Saturday. We’re halfway to New York City on an NJ Transit bus. To our left is Newark, to our right the brown marshes and post-industrial blight of the Meadowlands, and beyond, the gleaming Manhattan skyline peeks out over a hill, and over it all, the new WTC Tower, still unfinished, its cranes raised like the spindly arms of some stick figure cartoon. I try to get a picture, but there’s a special difficulty to taking photos from a bus speeding across the Meadowlands; in motion the real visual density of the place becomes apparent. Every moment, a different obstacle passes by — trucks, power line towers, rocky outcrops, trees, signs, toll plazas, bridges, Secaucus Junction, all passing by just as you hit the shutter.
And sometimes the camera decides to focus instead on the seats in the foreground rather than the city itself, and you decide to keep that photo anyway just because the depth-of-field effect looks nostalgic in its own way.
There are a precious few seconds on the Lincoln Tunnel Helix when Midtown Manhattan is spread out before you across the East River and there’s time for a quick photo before you’re in the tunnel. It’s a hazy day and the light is all wrong, but New York is New York, so it looks good anyway.
The entry to Lincoln Tunnel itself, and later the approach to Port Authority Bus Terminal, present huge, looming, monolithic faces to the traveler. The Bus Terminal especially resembles a boxy cephalopod from this angle, tentacular ramps and bridges writhing down to the ground, drawing a stream of buses into multiple crosstrussed maws.
We tarry around the shops of Midtown waiting for the lunch buffets to open. At some point we pass by a firehouse with a Batman logo out front beside a memorial to fallen heroes.
Our target restaurant, Touch of India, turns out not to have a weekend lunch buffet, but no matter; the tandoori mix platter is a glorious dish of grilled meats, more than filling with some aloo gobi, rice, and naan.
En route to the Met my favorite number presents itself in the subway. It’s the answer.
I never tire of The Metropolitan Museum of Art. (I suppose I could say the same of any good museum, though.) Today we’re renewing our Associate memberships, worth a year of four visits at the standard donation amount.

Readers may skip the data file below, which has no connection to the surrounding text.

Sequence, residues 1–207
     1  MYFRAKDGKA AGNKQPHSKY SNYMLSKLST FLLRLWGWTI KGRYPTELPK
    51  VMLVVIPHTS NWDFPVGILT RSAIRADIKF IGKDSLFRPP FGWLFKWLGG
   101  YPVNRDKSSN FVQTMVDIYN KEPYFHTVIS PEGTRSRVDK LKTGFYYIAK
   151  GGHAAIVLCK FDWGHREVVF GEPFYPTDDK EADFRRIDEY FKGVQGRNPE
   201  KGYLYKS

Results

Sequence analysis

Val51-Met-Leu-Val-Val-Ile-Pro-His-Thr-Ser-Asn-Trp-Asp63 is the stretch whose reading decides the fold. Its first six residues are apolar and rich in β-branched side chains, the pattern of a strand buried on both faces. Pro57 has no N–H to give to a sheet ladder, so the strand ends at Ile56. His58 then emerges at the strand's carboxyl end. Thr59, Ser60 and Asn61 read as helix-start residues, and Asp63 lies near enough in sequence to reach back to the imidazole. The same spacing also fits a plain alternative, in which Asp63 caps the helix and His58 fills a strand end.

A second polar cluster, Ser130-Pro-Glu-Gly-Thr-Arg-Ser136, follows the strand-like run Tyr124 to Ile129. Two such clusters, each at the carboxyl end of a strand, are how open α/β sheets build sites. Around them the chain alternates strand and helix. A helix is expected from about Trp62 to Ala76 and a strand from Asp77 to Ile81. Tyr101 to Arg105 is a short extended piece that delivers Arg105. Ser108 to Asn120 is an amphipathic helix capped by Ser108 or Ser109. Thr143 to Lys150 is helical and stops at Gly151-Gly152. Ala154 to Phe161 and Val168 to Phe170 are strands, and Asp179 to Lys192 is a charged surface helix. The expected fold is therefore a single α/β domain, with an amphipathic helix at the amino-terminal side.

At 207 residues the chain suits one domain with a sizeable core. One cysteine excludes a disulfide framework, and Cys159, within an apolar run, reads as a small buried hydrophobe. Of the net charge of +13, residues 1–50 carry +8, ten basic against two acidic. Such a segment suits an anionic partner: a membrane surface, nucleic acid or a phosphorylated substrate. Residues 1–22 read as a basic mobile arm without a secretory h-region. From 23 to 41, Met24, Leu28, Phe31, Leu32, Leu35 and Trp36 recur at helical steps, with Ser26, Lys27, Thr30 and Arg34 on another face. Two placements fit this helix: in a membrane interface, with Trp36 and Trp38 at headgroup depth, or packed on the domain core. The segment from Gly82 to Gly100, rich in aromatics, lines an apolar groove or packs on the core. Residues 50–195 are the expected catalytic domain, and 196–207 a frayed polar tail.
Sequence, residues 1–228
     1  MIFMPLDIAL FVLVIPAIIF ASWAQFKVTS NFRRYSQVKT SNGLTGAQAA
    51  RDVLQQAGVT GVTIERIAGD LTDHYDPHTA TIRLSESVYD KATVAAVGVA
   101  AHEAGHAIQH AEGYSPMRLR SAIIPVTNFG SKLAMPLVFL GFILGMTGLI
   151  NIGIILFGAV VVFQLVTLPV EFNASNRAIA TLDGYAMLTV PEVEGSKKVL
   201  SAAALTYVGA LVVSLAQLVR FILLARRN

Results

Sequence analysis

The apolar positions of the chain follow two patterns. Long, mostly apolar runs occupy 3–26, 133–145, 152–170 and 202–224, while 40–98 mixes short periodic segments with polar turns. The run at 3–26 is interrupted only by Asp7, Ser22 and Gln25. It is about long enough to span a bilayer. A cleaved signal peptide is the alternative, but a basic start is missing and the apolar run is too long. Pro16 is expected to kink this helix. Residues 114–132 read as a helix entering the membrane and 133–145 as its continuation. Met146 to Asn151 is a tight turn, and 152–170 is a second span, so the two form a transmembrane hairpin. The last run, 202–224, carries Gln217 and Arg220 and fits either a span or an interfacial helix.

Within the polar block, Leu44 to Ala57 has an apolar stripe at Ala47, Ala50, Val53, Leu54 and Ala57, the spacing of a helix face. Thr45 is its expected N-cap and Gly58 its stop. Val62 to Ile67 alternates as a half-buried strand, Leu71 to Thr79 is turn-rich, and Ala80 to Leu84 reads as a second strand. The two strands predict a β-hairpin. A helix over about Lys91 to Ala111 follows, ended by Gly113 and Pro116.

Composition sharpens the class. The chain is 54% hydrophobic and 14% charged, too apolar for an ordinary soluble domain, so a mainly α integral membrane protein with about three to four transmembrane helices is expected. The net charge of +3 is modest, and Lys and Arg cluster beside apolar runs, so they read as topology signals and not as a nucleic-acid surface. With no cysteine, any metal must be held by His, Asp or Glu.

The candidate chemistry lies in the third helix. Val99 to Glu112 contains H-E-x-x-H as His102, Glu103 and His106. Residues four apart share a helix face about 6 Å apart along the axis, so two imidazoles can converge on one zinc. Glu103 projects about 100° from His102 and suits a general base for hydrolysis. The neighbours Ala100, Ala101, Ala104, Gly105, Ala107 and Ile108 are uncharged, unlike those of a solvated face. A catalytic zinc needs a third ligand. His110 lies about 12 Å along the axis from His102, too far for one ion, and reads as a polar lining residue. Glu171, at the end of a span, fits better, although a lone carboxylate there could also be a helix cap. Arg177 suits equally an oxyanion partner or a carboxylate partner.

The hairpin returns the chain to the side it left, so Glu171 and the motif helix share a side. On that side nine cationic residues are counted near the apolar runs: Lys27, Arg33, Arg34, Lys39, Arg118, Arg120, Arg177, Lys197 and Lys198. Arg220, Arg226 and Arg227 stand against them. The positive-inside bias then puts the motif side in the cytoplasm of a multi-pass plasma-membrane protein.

We’re here to see two exhibits: Dürer and Beyond, a survey of European works drawn or influenced by Dürer; and Bellini, Titian, and Lotto, a visiting exhibit of Venetian master paintings from the Accademia Carrara in Bergamo. (We’re a bit disappointed by the latter, as it turns out to include only one Titian and one Bellini in the whole gallery.)
We also go up to the roof deck to see Saraceno’s Cloud City, a hivelike sculptural installation of glass and steel overlooking Central Park. We don’t have the timed entry tickets necessary to ascend into the sculpture, but for today it’s enough to see it alongside the view of the city.
For now it’s time to catch our bus back to NJ. We get back to PABT with just enough time to run up the escalator, get a ticket at the machine, and join the back of the line in the crowed upstairs waiting tank. The bus arrives, the driver walks off, leaving the bus idling at the gate — and doesn’t come back. We wait. No announcements are given, Ten minutes, twenty minutes, thirty. A young, heavyset con artist shows up and addresses himself to the crowd, with an unconvincing sob story that Greyhound has screwed him over and that he needs some cash to get back home to Roanoke, VA. His high voice has no trace of Virginia in it. Amateur. People are of course angry and confused by waiting at this point, and he gets nothing.
Finally, we head back downstairs and walk over to Penn Station to get an NJT train instead. Much faster and more comfortable. A pair of New Jersey housewives sit near us, conversing loudly about every kind of food imaginable. I finally manage to get that photo of the skyline that I couldn’t get from the bus earlier.
Back in New Jersey later that evening we see a bunny.